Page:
The grand re-opening in March 2015 of the new Weston Library, formerly known as 'The New Bodleian', after more than three years' redevelopment was a milestone for the Bodleian, the University, and the city as a whole. Over 11,000 visitors explored the new attraction on Broad Street during the opening weekend. Blackwell Hall, the library's generous public space on the ground floor, invites visitors to take a break in the café, to admire treasures in the exhibition room, and, through the glass panels which have replaced some of the walls, to glimpse the working library on the floors above. After the refurbished Ashmolean Museum, the Weston Library is another example of great modern Oxford architecture, and another place where town and gown can meet.

Front of the the Weston Library

Among the treasures in the Weston Library is the Bodleian's map collection. After having spent some time in temporary accommodation in Duke Humfrey's library, last October the Map Room moved back into the building which alumni will have known as the New Bod, but not to the Map Room they were used to, but into another room on the first floor which provides more space and better facilities for maps, staff, and researchers.

On 7 May Map Librarian Nick Millea invited a group of 25 map enthusiasts, including SoGE post-doc researcher Dr Ben Hennig (view his approach to maps on Views of the World), to visit the Weston Library on a 'field trip' organised by The Oxford Seminars in Cartography (TOSCA). The seminar series, now in its 22nd year, is run by Nick Millea and Dr Elizabeth Baigent, geography alumna (St Hugh's 1977-1981) and now University Reader in the History of Geography and SCIO Senior Tutor at Wycliffe Hall.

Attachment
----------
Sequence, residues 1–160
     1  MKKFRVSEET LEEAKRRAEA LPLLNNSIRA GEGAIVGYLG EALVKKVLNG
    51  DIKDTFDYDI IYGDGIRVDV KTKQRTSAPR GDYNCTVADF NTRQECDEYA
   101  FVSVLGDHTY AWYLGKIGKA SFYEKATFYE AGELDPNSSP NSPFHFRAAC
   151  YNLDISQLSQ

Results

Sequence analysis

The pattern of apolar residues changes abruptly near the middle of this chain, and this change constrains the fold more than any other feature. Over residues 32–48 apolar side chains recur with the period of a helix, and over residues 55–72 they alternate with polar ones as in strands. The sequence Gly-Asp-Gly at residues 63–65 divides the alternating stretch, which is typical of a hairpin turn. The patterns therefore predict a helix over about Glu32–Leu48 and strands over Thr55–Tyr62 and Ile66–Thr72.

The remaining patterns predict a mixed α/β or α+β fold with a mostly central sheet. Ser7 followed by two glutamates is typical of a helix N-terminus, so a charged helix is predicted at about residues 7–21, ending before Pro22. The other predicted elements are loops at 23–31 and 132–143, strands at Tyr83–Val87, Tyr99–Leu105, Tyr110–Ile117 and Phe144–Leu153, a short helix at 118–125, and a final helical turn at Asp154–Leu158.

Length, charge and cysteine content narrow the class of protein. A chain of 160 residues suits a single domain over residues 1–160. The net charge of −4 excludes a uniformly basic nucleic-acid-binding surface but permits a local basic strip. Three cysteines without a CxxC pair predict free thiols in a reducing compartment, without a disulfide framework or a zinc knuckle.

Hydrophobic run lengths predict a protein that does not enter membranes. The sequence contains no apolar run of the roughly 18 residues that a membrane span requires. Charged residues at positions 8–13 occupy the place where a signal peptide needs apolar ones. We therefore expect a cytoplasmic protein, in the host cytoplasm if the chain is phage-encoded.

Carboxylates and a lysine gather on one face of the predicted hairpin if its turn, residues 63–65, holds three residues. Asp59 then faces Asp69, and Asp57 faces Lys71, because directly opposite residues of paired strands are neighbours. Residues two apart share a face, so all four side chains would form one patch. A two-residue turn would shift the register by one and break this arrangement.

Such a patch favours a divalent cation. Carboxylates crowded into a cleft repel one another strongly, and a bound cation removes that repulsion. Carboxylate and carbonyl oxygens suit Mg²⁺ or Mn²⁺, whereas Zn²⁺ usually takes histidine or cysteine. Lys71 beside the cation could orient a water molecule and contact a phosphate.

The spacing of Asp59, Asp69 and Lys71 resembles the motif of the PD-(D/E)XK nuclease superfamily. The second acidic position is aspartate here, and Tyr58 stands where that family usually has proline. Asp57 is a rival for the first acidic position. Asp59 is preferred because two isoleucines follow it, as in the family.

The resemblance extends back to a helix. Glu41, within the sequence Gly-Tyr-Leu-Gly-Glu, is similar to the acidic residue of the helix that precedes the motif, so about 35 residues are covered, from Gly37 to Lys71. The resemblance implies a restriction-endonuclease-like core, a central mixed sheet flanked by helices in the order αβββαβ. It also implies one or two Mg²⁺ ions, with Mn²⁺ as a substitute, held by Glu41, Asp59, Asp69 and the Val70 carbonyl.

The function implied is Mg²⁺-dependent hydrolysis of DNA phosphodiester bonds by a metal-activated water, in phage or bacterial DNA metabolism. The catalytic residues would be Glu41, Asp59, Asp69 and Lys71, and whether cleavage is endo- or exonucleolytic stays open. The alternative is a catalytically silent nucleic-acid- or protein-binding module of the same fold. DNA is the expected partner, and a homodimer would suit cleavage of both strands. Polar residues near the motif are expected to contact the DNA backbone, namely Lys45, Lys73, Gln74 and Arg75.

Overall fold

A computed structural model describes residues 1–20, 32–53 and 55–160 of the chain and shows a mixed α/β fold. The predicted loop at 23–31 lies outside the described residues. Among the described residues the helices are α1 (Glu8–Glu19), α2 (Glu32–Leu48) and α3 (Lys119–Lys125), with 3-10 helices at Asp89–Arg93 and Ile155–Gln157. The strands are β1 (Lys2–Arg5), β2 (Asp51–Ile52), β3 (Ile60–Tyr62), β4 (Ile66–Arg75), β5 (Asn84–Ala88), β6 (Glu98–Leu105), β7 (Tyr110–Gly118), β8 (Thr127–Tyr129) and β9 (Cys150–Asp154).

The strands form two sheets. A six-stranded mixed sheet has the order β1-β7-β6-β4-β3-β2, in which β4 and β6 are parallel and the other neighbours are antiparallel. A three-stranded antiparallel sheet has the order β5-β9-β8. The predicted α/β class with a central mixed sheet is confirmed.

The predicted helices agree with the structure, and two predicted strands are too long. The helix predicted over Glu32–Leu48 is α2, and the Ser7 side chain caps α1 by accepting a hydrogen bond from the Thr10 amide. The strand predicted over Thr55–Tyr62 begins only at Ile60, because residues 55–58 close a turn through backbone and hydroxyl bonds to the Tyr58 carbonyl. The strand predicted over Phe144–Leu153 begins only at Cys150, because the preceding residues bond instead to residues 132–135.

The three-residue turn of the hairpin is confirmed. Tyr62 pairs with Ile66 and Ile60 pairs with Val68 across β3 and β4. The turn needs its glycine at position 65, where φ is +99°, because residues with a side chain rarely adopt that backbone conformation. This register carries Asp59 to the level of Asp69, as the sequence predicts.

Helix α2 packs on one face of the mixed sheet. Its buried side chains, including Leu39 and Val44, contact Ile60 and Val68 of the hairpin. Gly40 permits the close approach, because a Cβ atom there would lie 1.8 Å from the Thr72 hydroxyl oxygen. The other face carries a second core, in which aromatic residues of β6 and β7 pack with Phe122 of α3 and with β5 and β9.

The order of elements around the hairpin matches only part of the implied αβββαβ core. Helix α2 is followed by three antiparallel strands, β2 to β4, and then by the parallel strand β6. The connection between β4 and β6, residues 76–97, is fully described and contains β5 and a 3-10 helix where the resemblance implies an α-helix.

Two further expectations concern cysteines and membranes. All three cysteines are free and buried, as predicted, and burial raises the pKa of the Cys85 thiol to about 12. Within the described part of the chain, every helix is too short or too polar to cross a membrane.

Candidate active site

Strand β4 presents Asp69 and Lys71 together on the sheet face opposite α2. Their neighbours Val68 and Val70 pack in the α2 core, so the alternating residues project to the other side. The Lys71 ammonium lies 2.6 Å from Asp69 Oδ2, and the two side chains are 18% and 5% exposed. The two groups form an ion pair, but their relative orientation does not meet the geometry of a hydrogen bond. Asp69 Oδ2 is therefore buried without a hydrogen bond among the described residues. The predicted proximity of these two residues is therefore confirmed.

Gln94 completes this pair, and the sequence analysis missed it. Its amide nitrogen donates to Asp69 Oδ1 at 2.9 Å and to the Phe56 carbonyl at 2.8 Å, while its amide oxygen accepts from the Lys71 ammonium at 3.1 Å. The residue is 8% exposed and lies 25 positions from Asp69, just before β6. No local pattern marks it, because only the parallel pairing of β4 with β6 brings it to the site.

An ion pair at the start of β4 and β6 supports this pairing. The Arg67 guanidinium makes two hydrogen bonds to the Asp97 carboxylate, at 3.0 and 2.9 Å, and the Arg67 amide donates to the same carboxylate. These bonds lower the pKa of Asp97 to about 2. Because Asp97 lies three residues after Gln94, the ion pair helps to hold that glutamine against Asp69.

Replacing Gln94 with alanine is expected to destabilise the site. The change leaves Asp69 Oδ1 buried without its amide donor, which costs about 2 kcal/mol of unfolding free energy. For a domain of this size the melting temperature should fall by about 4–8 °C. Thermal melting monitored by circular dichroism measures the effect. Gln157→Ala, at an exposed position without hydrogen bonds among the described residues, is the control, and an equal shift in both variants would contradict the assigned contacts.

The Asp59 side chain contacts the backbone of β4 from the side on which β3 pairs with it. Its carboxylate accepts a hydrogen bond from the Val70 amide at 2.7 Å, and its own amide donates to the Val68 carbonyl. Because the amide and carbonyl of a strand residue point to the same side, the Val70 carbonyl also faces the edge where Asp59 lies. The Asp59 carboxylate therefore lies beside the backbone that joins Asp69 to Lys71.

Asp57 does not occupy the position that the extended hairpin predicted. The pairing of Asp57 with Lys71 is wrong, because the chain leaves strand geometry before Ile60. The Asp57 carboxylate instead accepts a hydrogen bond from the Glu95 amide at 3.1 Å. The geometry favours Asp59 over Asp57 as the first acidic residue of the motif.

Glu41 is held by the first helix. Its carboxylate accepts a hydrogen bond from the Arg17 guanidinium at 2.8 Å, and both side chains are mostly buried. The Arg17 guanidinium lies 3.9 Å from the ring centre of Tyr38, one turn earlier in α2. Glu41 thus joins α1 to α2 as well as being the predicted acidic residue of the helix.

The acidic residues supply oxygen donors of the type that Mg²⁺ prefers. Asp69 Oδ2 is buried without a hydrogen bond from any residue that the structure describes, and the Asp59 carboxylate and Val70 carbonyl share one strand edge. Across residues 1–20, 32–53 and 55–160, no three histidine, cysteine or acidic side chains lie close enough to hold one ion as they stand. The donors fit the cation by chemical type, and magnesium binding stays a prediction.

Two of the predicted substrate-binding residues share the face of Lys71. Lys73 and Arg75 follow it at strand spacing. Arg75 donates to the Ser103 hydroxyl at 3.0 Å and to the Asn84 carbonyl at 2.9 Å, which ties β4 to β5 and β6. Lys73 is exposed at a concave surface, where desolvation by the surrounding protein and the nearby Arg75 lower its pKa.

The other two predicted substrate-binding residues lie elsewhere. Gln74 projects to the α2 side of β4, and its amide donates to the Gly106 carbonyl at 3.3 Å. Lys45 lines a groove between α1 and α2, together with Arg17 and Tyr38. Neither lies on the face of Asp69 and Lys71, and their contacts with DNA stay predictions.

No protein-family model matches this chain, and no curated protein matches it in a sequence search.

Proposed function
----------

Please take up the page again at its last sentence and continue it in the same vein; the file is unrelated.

Sheldon map of Worcestershire

Nick Millea started his tour in front of the Sheldon map of Worcestershire, one in a series of four tapestry maps that were made to decorate Weston House in Warwickshire in the late sixteenth century. After extensive and intensive restoration the map is on display in Blackwell Hall where every morning at 11am a member of the Map Room is around to answer questions from interested visitors. Next on display, from January 2016, will be the tapestry map of Oxfordshire.

The group visit the 'Readers Only' area

The group then ventured into the 'Readers only' area upstairs, tracking the changes that have been made to the building. With most of the collection now housed in the Bodleian's new storage facility in Swindon, the architects had the chance to let in more light, create more space, and take design features back to their original state as planned by Sir Giles Gilbert Scott in the 1930s. Doorways that used to lead into dusty book stacks now open up to stunning views of the working library and Blackwell Hall beneath. A strenuous climb to the 5th floor was rewarded with views of the dreaming spires from the Weston's rooftop.

Treasures of the Map Room

The tour ended with a display of treasures of the Map Room, many of which will feature in a Bodleian publication which will be published in spring 2016 under the editorship of Debbie Hall, now a Map Room librarian and another geography alumna of St Hugh's (1990-1993). The book's working title is: A Map for All Reasons. Good news for all those who had to miss the tour!

The programme for TOSCA's 23rd annual series 2015/16 will be available online from the autumn. All are welcome - and look out for news of TOSCA's 25th anniversary celebrations which the organisers are already planning.